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The average household bill will rise by 3.8 percent a year, about $48, in each of the next four years, starting from October.
The rises follow a commission review of the prices the operators can charge to maintain the distribution network as the government moves to phase out gas usage as part of its emissions reduction policies.
"Our decision balances price rises for gas users with the need for gas pipeline businesses to continue to invest appropriately to maintain safe and reliable supply while there is still demand for natural gas," associate commissioner Vhari McWha said.
"Natural gas remains an important transitional fuel and essential for many homes and businesses, so investment will be required to ensure the network continues to provide safe and reliable supply of natural gas over this horizon."
The allowed price increases are lower than those contained in a preliminary decision earlier in the year.
"The final default price-path we have announced today reflects that the remaining life of the natural gas pipelines in New Zealand is likely to be shorter than previously expected," McWha said.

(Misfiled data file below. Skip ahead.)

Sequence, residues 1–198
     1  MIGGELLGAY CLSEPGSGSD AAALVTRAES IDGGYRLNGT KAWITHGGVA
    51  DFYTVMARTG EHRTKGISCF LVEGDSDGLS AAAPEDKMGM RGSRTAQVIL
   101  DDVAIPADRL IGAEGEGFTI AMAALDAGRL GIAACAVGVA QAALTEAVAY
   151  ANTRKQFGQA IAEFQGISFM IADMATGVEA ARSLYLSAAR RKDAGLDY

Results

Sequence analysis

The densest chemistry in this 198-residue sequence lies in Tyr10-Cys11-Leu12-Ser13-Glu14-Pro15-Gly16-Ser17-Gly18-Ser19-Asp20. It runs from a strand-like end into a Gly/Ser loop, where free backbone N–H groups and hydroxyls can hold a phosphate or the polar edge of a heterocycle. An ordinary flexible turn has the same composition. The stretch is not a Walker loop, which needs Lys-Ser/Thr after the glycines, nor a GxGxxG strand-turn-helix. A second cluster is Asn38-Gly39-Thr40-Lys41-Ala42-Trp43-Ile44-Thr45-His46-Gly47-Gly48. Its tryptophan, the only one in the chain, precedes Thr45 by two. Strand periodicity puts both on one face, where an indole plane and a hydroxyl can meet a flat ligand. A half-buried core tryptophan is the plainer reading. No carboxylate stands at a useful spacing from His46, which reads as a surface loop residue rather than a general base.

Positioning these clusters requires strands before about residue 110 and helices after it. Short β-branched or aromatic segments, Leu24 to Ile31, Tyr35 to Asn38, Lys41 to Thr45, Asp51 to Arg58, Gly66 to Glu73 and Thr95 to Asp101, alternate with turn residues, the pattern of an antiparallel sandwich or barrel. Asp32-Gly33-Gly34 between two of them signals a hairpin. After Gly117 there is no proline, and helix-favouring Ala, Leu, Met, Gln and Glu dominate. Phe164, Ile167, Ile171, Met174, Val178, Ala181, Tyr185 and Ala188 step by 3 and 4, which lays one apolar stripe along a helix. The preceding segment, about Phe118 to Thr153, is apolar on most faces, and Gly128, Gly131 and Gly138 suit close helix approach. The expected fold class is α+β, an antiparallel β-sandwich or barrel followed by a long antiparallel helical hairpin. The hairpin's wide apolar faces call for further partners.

The four gas pipeline businesses subject to the commission's decision are GasNet, PowerCo, Vector, and First Gas, which owns distribution and transmission pipes.
There are about 300,000 gas users, mostly domestic, but there are some industrial and commercial users.
McWha said it was possible that some operators would not recover their costs even with the price increases.
The government is currently working on a gas transition plan to move away from fossil fuels as part of decarbonising the economy.
First Gas has already started work on mixing green hydrogen with natural gas a step towards a change to hydrogen use only by 2050.